This column by ACRU Policy Board member Hans von Spakovsky was published September 25, 2017 by The Daily Signal.
Texas has just won the second (procedural) round in the fight over the state Legislature’s attempt to punish cities that implement sanctuary policies.
A three-judge panel of the 5th U.S. Circuit Court of Appeals temporarily stayed on Monday key portions of the injunction issued in September by a federal judge in San Antonio that prevented the state from implementing major parts of the law.
As explained here, the 2017 statute applies to illegal aliens arrested or otherwise lawfully detained by local law enforcement.
The core parts of the law ban Texas cities from prohibiting or “materially limit[ing]” local law enforcement from:
- 1. Notifying federal immigration officials that an illegal alien has been arrested.
- 2. Cooperating with immigration authorities (including honoring detainer warrants on illegal aliens issued by federal authorities).
- 3. Allowing federal immigration officers to enter local jails to conduct investigations of criminal illegal aliens.
The lower court federal judge had enjoined Texas from implementing the second and third provisions. However, the 5th Circuit issued a stay of that portion of the injunction.
Holding that Texas was likely to succeed on the merits of those two provisions, the 5th Circuit lifted the injunction until the appeals court has a chance to consider the merits of the case. Otherwise, the “state necessarily suffers the irreparable harms of denying the public interest in the enforcement of its laws.”
Prior case law holds that when it is a state appealing, the state’s “interest and harm merges with that of the public.”
According to the appeals court, the lower court judge misinterpreted federal law when he enjoined the Texas provision on cooperation and assistance with federal immigration authorities. The statute he cited, 8 U.S.C. §1357(g), actually “provides for such assistance.”
So Texas can “prohibit” local jurisdictions from engaging in such behavior, although the injunction remains in place on the phrase “materially limits” because that phrase needs “clarifying.” But being able to “prohibit” gives Texas what it needs in order to stop these sanctuary policies.
The appeals court also threw out the injunction on the section of the Texas law that requires local law enforcement to “comply with, honor, and fulfill” any immigration detainer request issued by U.S. Immigration and Customs Enforcement (ICE).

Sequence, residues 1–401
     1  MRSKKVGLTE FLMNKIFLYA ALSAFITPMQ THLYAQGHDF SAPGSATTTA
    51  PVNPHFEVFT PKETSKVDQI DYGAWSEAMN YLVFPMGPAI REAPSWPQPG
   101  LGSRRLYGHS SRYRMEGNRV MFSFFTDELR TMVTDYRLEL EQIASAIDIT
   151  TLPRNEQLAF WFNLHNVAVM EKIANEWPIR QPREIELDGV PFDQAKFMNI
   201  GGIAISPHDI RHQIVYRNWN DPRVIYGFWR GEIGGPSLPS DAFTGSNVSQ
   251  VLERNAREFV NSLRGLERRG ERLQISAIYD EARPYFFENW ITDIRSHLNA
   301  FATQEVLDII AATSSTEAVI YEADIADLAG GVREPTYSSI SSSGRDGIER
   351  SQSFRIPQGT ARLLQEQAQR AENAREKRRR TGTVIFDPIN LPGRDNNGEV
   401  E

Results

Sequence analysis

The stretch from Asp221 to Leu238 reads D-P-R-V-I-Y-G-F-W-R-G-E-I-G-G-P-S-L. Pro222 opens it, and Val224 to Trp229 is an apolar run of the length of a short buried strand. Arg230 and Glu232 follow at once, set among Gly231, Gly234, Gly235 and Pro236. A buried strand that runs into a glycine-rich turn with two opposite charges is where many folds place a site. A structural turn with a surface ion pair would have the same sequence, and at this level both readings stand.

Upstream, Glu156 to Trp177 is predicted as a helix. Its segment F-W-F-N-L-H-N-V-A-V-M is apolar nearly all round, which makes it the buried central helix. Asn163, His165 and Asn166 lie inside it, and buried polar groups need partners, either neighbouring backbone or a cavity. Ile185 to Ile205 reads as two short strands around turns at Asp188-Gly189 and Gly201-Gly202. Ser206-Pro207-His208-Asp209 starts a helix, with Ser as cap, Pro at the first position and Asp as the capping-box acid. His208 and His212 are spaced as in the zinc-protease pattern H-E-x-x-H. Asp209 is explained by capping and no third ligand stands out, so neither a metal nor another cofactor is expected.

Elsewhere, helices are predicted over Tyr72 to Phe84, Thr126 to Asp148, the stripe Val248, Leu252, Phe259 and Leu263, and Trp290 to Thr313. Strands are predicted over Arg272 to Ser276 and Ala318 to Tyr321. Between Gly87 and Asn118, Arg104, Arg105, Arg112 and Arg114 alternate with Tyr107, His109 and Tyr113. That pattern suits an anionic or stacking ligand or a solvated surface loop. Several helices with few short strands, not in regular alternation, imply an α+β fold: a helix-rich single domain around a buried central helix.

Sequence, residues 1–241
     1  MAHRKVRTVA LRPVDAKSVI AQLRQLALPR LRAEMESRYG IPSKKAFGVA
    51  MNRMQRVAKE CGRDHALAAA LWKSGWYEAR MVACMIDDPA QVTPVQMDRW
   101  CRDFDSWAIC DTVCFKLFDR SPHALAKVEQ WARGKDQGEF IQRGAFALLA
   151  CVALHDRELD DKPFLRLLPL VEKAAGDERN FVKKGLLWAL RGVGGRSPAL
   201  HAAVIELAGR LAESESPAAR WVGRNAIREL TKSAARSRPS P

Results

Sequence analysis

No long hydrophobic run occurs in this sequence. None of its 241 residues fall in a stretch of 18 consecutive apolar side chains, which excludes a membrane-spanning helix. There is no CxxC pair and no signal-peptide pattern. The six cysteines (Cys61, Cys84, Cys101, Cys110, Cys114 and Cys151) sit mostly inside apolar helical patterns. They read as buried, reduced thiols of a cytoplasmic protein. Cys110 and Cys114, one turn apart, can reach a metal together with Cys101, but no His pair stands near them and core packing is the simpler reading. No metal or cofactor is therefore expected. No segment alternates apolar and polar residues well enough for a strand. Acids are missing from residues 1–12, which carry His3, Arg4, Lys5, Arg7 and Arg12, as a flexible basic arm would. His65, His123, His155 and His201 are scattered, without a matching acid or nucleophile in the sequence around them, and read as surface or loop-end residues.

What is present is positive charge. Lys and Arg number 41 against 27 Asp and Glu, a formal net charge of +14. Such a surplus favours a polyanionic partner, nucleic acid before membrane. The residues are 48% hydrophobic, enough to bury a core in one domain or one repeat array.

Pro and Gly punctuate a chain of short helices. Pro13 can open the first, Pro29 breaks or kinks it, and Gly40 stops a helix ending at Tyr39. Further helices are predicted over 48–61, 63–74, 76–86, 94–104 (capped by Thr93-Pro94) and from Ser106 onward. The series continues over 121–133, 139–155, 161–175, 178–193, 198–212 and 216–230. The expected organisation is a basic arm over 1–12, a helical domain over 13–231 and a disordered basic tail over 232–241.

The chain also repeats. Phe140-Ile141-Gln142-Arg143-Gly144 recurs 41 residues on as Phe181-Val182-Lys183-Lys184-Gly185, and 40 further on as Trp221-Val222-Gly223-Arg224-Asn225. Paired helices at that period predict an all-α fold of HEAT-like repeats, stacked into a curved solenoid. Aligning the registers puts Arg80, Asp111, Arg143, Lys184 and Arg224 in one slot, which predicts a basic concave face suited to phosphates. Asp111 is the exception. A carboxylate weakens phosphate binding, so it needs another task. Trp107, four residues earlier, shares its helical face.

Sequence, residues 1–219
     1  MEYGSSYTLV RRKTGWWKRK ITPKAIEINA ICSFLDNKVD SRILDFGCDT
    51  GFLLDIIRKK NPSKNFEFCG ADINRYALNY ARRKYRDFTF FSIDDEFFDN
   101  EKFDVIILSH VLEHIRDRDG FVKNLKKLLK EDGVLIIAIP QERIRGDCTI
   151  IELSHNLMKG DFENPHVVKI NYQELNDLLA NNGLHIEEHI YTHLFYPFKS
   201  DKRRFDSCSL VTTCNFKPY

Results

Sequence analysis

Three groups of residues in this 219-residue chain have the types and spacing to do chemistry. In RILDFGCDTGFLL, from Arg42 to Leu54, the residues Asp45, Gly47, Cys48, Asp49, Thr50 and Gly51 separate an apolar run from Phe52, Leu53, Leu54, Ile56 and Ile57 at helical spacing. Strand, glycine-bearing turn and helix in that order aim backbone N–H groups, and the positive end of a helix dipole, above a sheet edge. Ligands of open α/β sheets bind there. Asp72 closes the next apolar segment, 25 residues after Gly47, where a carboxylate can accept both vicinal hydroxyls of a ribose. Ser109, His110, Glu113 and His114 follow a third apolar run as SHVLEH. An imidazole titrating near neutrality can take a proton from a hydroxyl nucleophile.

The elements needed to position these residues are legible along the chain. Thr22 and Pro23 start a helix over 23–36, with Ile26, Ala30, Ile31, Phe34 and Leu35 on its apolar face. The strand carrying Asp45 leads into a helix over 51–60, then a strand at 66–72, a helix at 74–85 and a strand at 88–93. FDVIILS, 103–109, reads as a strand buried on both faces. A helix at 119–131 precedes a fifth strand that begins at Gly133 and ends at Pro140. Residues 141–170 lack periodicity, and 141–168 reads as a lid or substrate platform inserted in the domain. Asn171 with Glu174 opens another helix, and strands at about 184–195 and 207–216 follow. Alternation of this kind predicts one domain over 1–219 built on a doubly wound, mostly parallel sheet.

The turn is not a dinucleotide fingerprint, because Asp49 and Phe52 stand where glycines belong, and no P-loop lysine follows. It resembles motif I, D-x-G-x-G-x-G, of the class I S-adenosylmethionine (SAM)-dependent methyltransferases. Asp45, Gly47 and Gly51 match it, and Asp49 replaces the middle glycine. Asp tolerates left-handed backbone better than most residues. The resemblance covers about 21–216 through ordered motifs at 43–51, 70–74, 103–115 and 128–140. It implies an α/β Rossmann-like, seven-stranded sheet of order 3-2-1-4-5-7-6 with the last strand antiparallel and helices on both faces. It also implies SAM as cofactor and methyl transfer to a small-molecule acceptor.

The 5th Circuit panel noted that local jurisdictions would not have to comply with a detainer request if the detainee “provide[s] proof” of lawful immigration status. Further, unlike the view of the lower court judge, this provision of the Texas law only “mandates that local agencies cooperate according to existing ICE detainer practice and law.”
This means that the most important provisions of the Texas statute that are intended to stop sanctuary policies from being implemented locally are still in force, and will remain in force until the 5th Circuit issues a decision on the merits.
That is vital to the public safety of the citizens of Texas. Sanctuary policies create sanctuaries for criminals.
According to PJ Media, an unreleased internal report from the Texas Department of Public Safety revealed that from 2008 to 2014, criminal aliens committed over 600,000 crimes in the state, including almost 3,000 murders.
Yet cities like Dallas and Austin, which are among the challengers in this litigation, are telling their residents that they would rather release criminal illegal aliens who have been convicted of crimes such as assault, burglary, sexual assault, theft, and even homicide into their local communities (where they can victimize even more people) than call federal immigration authorities so that they can be picked up and deported.
As Texas Attorney General Ken Paxton said, “Enforcing immigration law helps prevent dangerous criminals from being released into Texas communities.”
We can only hope the 5th Circuit realizes this when issuing its final decision on this Texas law.